If I was closer in 2011, what happened?  Two things –

  1. in 2012 I was disconnected from a CrossFit box and structured programming.  There’s a raging debate on the blog-o-sphere and web land about how structured that programming is.  I’ve benefited from some great training at three different boxes and structure (so Black Box and Starting Strength programming to level out the ‘randomness’).
  2. feeling a tad weak after high mileage December, decided to get my strength swag back (haha) and along the way jumped into CrossFit Open Games.  I completed all 5 WODs at Rx (barely) during a cruddy Spring for running.  Also I did not appreciate the maximal muscle stuff needed to pull off the 5 weeks of the CrossFit Open.  It would put me at a max rep strength on each WOD (not 70% like most Master Males, 45-49).  So there were four weeks of “run more than 5 miles or do hills, rigghhhht, no!” Mistake? Not really, would do again in a heart beat.  It was fun.  Plus while slower than 2010-2012 marathons it was faster by 5 minutes than my max aerobic driven 2009 Lincoln Marathon and felt incredible the day after.  Oh and no injuries!  There’s much more to fitness than what happens on 26.2 miles!  Still if your dream is a killer 26.2 then that leads to the next big bullet line –

So what?  What are you going do now?

Three  things

  1. ENDURANCE. Understand there ain’t no thing as a free lunch as Mark Twight said.  He’s the guy who trained the Movie 300 shredded Spartans at Gym Jones but I can’t get his report for free but know it’s there.  I’m ramping up a mix of speed, stamina and endurance work.  I still value CrossFit Endurance (lots of hate out there in the endurance only community). Come-on ectomorph brothers and sisters, I was once was like you.  But strength is good.  We’re all learning. Jason Fitzgerald and Strength Running is none too happy with it!     Get you head spinning and read the honorable response by TJ Murphy – a high enduro refugee.I’m forgoing CrossFit Endurance and following the FIRST’s Run Less, Run Faster from Runner’s World (RLRF).  It’s a nice 3 running workout plan each week – so tempo, speed and long run.  I leveraged part of this (from Week 8) jumping in with a friend, Amy Uhlmann, who nailed her BQ at Des Moines in October 2012.  On her second marathon.  Freak! 🙂
  2. STRENGTH.  Will strip away some of the intense chipper and limit my AMRAPs.  I need time and recovery for an aggressive swim/bike/run (s/b/r) schedule. Metcons are not suitable substitutions – they have their place.  I’ve learned that let the high intensity intervals stand on their own (whether in the pool, on a bike or running on a trail).  I’ll head back to the Y for some work following a lighter version of Mark Rippetoe’s Starting Strength, punch card at CrossFit and take my strength on the road within the RLRF speed.  I’m forgoing some exercises for now – sumo deadlift high pulls, box jumps (steps instead) and snatches while focusing on squats, strict pull ups, squats, bench, squats, push ups, squats, swings, squats, lunges, squats-thrusters, toes-to-bar, squats – see trend.  SQUATs, loaded, unloaded, my life!
  3. OTHER. Kick in the s/b of the s/b/r – have great swim and bike workouts ready. On those 105 degree days, a pool or bike beats the foot path!

I’m scribing my results daily at Garmin Connect (feel free to connect) and will summarize here and for group stuff on my favorite local group – Freaky Fast Runners.

Next

Details of training, with anchors for Marathon, 5 mile and 10k are shared in the table below.   Think about doing the same for yourself. Include similar races, same course each year. It helps a ton in giving you an apples to apples comparison of the only contest that matters – you against yourself and time (real and father).  One of the things I haven’t appreciated in the mood swings and debates on strength/endurance/combo or right “approach” is lack of transparency.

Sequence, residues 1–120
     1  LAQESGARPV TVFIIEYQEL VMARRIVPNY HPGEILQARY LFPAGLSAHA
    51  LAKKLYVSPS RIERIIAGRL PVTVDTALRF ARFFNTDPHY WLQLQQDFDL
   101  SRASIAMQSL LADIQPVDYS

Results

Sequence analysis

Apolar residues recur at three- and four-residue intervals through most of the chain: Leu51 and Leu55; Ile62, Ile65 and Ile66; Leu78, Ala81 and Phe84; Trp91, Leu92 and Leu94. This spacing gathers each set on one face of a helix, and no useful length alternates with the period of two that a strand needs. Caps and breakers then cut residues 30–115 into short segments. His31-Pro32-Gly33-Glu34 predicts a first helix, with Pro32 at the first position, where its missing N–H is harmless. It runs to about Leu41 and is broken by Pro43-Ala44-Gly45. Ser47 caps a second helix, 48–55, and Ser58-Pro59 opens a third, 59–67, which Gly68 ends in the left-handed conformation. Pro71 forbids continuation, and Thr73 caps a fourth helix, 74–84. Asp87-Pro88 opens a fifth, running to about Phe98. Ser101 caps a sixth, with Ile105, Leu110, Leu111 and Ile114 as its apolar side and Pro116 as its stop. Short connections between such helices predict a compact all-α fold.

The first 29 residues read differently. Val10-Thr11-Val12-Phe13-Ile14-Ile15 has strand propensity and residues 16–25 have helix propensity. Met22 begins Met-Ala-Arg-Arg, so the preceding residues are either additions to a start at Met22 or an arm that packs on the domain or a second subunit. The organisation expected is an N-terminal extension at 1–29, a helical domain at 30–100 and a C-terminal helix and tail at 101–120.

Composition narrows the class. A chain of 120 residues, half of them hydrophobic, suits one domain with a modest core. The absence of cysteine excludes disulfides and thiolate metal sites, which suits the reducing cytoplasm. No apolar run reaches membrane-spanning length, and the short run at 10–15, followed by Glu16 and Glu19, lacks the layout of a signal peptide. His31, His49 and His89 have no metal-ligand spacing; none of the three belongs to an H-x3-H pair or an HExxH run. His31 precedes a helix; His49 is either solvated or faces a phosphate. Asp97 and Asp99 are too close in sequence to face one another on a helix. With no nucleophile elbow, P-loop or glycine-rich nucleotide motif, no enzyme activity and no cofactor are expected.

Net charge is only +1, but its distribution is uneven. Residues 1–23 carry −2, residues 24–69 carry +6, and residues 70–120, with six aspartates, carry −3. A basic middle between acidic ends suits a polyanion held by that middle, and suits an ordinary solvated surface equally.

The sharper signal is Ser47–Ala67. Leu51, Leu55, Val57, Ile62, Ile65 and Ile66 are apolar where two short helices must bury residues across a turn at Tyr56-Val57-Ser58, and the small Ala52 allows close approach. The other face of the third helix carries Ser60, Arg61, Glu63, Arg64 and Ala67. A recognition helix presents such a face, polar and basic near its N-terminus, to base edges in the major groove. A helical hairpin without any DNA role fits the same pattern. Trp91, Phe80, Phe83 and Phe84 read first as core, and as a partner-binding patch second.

http://athlinks.com/racer/results/68436406

and here  “type in Kohrell, D” http://www.lincolnrun.org/resultsdb.asp

with this summary below – ok this very detailed table screaming for 15 pie charts – below – double click on the “jpg” and it will expand!

If I were making this up the times would be MUCH faster!

If I were making this up the times would be MUCH faster!

 

 

The Science of Strength

Posted: May 13, 2013 by Dave Kohrell in Crossfit, Marathons
Tags: , , ,

Have been reviewing and dissecting the approach of Joe Vennare and his brother since Joe “favorited” my Twitter Tweet “post Lincoln Marathon WOD – Fight Gone Bad”.  I really am impressed by their balance approach to strength and endurance!  Power of social media.  Some nice, simple vids on their site as well and good mixed WODs (run/kettlebell/body strength)

 

The Science of Strength.

“Not so fast my friend on your Moment of Truth blog post”! Never thought I’d quote Lee Corso.  Well it snowed on May 1 and KC Royals are 1st.

Always good to finish!

Always good to finish!

Maybe the Mayans we’re just slightly off?

4:28 (10:06 mile pace) versus 4:00 (9:06) – not a good trade between the Lincoln Marathon 2013 and 2011 versions.  The weather may have been a tad chillier today, wind stiffer, but still a noticeable add.  On the positive side this was the 7th of 9 Lincoln Marathons – better than 2009/06 and close to 03.

Here’s the Garmin Notes and Quick Assessment.

Finished! After last year’s ducking at the 1/2 due to heat and obsession with time, focused on just finishing. 2:06 front half, 2:22 back. Rain held off, but cool low 40s day with a stiff N/NW wind. Felt it the most mile 21-24 until we hit the trail again. Quite a bit off PR of 2011 (4:00), better than 09 and 06. Close to 03.

Off the ‘golden years’ of 94-96. I’ll take it!

Quick comparison to 2011 programming.

  • Same intensity on CrossFit (probably more) and better swimming. I jumped into the CrossFit Games Open – intense 5 weeks of WODs close to my maximum strength or beyond.  Sort of zapped some of that March running ramp up.  I’d do again in a heart beat and will next year, with the added benefit of continued strength.